The workout is what drew her, but Melanie Truschinski says she gets so much more from her four-days-aweek StrollerFit habit. “I just really like the camaraderie,” she said one cool morning last week as she and other moms lined up their strollers on a basketball court at Sedgwick County Park. “This is so nice.”
StrollerFit classes are a mix of cardio and strength work, much like any boot camp class.
The difference is that babies and children who will stay in strollers are part of it.
The little ones don’t exercise, but they definitely get involved:
Instructor Tonya Wells had moms march up to their strollers, give their babies a tickle, then march back. They repeated the moves with kisses for the kids.
Switching from the music typical of an aerobics class, Wells asked, “Hey, Noah, what animal can we do?”
“Pig,” suggested Noah Truschinski, 3.
So moms sang “Old MacDonald had a pig” as they moved through lunges and squats.
“I’m a Little Teapot” was a stretching song. And as moms power-skipped around a circle of strollers, they chanted, “Four little monkeys, jumping on the bed.”
“You don’t have to be able to sing for this,” Wells said, joking about her own vocal abilities. “But I have to say, the animals at the zoo love our singing.”
So do the children. Noah and some of the other toddlers joined in on “Row, Row, Row Your Boat” as their moms worked in pairs with resistance bands.
“He sings all the time,” Truschinski said. “I think it’s because of this. Everyone comments all the time about how much he sings.”
Wells moved the group — 15 moms and 21 children — to a picnic area. The moms used tables for step-ups and bicep dips as
Wells blew bubbles to entertain the little ones.
In an average 45-minute class, Wells said, the moms will jog or skip 2½ to 3½ miles along with their strength work. The movement helps keep the youngsters happy.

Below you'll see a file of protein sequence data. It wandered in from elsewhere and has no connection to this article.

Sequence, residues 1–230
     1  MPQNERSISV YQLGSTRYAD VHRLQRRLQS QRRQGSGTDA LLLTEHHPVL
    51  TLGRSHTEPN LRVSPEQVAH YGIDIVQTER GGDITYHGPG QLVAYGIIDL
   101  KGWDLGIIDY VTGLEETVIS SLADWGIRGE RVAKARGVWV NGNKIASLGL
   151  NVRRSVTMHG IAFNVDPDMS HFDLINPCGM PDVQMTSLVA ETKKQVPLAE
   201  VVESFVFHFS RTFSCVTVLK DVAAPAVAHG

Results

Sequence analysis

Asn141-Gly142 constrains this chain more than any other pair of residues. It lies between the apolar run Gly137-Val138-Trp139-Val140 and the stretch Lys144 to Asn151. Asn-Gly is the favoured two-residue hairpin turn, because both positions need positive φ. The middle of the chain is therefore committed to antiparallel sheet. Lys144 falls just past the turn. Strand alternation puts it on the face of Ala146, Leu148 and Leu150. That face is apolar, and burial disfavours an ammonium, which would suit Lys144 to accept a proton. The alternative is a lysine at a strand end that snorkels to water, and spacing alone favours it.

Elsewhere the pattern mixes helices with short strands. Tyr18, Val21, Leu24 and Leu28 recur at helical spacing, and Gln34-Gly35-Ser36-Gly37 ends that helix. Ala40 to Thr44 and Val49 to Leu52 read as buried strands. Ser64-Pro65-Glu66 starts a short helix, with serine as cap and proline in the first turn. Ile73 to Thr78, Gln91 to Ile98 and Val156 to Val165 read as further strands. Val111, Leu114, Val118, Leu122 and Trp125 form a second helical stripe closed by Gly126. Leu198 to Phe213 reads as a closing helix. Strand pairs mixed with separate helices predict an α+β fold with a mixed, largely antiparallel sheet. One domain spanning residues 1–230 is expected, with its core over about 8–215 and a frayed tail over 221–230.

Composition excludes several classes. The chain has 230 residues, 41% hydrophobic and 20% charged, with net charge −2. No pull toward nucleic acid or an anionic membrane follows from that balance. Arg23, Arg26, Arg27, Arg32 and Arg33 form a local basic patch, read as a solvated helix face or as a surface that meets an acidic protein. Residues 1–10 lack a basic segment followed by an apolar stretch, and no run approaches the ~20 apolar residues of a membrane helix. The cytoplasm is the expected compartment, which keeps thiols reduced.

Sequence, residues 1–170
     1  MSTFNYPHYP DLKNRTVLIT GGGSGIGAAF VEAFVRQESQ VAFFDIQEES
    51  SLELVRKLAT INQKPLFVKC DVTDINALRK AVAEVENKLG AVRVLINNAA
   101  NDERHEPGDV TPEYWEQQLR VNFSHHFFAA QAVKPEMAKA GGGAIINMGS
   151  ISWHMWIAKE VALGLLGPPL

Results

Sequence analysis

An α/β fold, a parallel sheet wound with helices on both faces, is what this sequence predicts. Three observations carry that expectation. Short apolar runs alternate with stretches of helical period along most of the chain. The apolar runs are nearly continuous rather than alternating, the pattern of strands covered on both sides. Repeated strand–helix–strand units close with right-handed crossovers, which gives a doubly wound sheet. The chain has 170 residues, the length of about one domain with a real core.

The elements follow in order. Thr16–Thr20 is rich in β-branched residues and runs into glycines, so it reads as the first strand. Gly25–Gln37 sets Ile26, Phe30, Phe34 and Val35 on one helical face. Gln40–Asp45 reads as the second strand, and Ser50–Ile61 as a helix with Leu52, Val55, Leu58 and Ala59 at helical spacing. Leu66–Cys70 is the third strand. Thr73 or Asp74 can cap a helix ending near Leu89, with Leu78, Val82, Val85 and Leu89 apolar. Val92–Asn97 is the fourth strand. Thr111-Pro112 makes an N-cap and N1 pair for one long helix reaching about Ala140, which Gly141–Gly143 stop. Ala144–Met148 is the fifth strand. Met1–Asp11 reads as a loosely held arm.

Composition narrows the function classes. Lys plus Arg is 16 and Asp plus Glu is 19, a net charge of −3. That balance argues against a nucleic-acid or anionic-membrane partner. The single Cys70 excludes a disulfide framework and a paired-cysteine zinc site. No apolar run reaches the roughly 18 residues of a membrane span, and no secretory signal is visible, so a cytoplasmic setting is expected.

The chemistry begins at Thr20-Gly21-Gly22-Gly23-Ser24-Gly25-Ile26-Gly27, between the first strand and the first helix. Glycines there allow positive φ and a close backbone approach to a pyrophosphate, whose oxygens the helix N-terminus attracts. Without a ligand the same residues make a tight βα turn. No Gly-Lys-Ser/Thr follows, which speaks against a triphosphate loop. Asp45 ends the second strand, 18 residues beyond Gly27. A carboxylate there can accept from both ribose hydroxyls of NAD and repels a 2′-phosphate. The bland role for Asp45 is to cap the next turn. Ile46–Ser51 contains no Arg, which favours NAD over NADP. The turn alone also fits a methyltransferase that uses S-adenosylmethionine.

As of Monday, the classes have moved inside for the winter. They’ll go back out in May, Wells said.
Wells, 33, started the StrollerFit classes about a year ago, not long after returning to Wichita after living elsewhere. It’s a franchise she got interested in a decade ago, but this time the timing was right:
“I have a family, I have a little girl, I’m a personal trainer. And here I am,” she said. Her daughter attends the class, too.
She offers the boot camp classes five days a week and core and sculpt classes three days a week, at locations all over town.
The moms sign up for a variety of reasons. Many are like Ashley Herman, mother of 6-month-old twins, who has been attending a couple of months.
“It gets me outside, and they like to be outside,” she said. The session calms the babies, and she gets a chance to talk to other adults.
Truschinski likes that StrollerFit involves exercise and her children — she also has a 9-month-old daughter — without the expense of day care. Classes also allow her to make community connections: She is a military wife, and frequent moves make it difficult to find friends. “You can get pretty lonely,” she said.
Even Noah has found a connection. As their moms did strength moves in front of them, he leaned forward in the stroller and looked to his right.
“Jayden. Jaaaayyy-den,” he called to a toddler a couple of strollers away.